A good simple idea well executed. In 1989 Krzysztof Kieślowski directed Dekalog, a series of ten films for each of the Ten Commandments. The characters are residents of the same Warsaw apartment block. Each story only features 2 or 3 characters confronting moral issues themed loosely around each commandment.
In the hands of a weaker director and writer — Krzysztof Piesiewicz co-wrote the series — each commandment may have been taken more literally. My naïve expectation when I first approached the series was that it each episode’s commandment would be obvious. I couldn’t name all ten commandments before watching the series, and the dilemmas of each film often overlapped several commandments. Importantly neither writer imposed their own views onto the characters: the audience is left free to judge the characters, their actions, and their decisions themselves. What might we do in the same situation? Would we ever get into that situation? How would we resolve it?
In some episodes the connection is obvious: I doubt anyone would miss “thou shalt not commit adultery” in Dekalog: Six or “thou shalt not cover thy neighbour’s wife” from Dekalog: Nine.
However, most are more subtle: in Dekalog: Five a young man is tried for his murder of a taxi driver (“thou shalt not kill”), but much of the story is presented from the perspective of his lawyer, who is increasingly horrified by the death sentence his client receives. This is the only film where Kieślowski takes a political stance and embeds his own view into the story: the state shalt not kill either.
With the exception of Dekalog: Ten (“thou shalt not covet”), a dark comedy, each film’s tone is serious. Ten features two brothers dealing with their father’s death, his stamp collection, and the (slightly absurd) intersection of philatelists and organised crime. It serves as light relief after a series of heavy films.
Most of the moral issues are interpersonal and affect only the characters in the film. Piesiewicz’s influence is more apparent when the moral issues begin to overlap with the law; he was a practicing lawyer at the time and later a member of the Polish senate. Some of his writing is based on cases he experienced. For instance, in Dekalog: Seven a young woman attempts to “steal” her biological daughter, the consequence of an earlier affair with a teacher, from her parents, who have adopted her as their own. The “ownership” of her daughter is ambiguous, but the law is both crystalline and insufficient to resolve the situation. Piesiewicz worked on a similar case through his legal practice.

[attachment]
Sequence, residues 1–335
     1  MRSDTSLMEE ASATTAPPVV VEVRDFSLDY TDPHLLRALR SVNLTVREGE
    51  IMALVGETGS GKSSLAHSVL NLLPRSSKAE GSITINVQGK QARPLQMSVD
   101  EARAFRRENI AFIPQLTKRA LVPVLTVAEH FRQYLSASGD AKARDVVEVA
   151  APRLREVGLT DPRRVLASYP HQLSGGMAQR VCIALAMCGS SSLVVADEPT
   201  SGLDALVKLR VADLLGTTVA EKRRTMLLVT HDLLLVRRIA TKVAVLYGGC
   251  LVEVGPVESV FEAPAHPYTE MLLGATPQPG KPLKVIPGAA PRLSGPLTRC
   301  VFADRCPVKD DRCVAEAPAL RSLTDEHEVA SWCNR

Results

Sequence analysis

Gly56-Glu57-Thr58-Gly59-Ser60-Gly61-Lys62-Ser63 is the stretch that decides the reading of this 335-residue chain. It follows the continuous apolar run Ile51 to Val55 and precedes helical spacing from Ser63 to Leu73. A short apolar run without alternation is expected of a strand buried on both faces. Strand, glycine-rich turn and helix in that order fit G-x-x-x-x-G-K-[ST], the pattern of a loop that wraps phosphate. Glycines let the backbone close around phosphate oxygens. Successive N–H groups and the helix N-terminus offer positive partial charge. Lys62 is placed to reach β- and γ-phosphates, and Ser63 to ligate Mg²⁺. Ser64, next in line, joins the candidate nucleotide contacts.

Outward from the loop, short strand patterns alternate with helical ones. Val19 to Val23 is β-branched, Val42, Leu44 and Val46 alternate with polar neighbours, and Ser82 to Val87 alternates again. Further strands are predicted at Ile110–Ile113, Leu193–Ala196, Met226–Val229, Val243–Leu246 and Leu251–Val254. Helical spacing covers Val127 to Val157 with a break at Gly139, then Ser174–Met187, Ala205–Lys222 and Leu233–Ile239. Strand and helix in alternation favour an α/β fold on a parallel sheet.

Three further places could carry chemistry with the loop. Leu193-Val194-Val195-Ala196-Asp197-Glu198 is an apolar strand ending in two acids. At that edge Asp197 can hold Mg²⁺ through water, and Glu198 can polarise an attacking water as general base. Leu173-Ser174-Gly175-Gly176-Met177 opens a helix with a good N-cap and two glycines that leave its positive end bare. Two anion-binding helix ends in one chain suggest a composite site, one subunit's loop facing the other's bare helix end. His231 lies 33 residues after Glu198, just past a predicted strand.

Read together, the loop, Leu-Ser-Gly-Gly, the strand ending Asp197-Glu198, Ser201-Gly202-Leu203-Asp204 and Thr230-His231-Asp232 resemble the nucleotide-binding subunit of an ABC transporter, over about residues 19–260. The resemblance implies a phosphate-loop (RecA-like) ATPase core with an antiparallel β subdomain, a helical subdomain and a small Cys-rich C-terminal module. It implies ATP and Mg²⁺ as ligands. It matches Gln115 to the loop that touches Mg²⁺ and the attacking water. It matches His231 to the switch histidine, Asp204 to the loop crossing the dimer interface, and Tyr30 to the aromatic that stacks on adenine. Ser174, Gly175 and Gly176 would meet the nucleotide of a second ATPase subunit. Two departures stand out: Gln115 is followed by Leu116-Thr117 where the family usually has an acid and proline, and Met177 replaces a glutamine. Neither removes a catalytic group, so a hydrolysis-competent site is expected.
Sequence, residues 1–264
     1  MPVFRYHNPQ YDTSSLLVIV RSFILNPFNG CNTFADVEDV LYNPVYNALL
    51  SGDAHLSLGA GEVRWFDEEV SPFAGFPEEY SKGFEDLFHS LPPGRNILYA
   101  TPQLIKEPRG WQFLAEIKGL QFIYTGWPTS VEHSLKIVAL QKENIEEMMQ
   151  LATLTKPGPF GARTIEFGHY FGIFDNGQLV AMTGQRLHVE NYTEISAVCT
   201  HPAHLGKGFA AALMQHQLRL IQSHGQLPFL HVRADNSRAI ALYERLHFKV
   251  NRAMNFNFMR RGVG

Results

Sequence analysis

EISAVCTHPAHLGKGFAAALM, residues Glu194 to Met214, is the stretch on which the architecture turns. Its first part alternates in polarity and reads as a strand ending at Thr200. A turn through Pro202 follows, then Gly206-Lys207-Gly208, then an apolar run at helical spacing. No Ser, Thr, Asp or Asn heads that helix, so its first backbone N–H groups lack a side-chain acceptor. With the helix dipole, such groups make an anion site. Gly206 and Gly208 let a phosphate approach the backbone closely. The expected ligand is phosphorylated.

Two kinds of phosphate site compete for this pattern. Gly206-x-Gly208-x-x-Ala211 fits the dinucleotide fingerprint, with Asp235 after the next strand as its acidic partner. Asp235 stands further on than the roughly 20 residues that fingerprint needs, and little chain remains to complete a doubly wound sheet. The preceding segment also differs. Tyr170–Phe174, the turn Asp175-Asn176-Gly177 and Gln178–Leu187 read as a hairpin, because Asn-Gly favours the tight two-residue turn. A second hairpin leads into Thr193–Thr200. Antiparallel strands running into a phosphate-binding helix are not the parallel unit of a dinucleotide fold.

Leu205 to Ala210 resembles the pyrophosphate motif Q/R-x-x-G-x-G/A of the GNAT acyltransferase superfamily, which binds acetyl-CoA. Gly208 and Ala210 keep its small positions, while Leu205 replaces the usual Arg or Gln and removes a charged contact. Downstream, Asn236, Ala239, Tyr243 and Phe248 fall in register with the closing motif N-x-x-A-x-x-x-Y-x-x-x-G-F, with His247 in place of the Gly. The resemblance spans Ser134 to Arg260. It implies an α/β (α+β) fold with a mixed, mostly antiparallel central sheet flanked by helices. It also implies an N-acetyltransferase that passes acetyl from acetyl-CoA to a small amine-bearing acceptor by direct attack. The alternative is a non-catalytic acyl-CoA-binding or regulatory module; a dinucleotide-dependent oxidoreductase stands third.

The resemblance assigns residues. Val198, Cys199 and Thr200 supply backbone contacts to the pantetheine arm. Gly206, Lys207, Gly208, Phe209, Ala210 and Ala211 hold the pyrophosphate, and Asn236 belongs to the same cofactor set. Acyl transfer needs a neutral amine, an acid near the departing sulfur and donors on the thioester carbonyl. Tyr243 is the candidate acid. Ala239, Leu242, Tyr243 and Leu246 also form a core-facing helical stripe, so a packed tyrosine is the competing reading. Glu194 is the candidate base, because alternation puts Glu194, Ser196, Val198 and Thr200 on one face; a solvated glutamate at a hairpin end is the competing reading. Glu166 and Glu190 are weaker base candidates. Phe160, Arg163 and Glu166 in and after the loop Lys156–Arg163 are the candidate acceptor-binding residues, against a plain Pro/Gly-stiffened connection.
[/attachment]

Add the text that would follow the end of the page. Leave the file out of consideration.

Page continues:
Kieślowski repeated the idea of a series themed around united values with the Three Colours trilogy. The films are based on the French revolutionary values of liberty, equality, and fraternity; their titles take are named for the French tricolore. Three Colours is a better series, and refines Dekalog’s ideas — there’s plenty of repetition of themes, actors, and music between the two. Three Colours: Red, the conclusion of the trilogy, is Kieślowski’s best work.
Dekalog marked the beginning of Kieślowski’s international success — he and his work had been perceived as too distinctly Polish and insular — and Three Colours benefitted from it as a growing crowd of actors wanted to work with him.
I’m surprised there haven’t been later attempts to theme a series in Kieślowski’s fashion, especially given that he took the same thematic approach twice. The Commandments’ themes of murder, theft, and adultery lend themselves easily to drama. When the US celebrates it’s 250th birthday in 5 years time another series could follow Three Colours and examine how the constitutional amendments of the Bill of Rights affect the lives of Americans today. I suspect an appetite for Easter eggs in a more modern version would overlap the characters and plots of each film more: many of Dekalog’s characters appear in 2 of the films, but usually the appearance is unspoken in the second.
However, Kieślowski’s vision has stood the test of time. The series is not overtly religious: Dekalog: One prominently features a church and explicitly deals with faith and belief, but this is an exception rather than the rule. Its success lies in the universality of its themes and the stories could easily work in just about any setting at any time. Indeed, several of the films have been remade for other markets. That said, they do not need to be: the original Polish versions hold up, with excellent acting, scores, writing, and cinematography.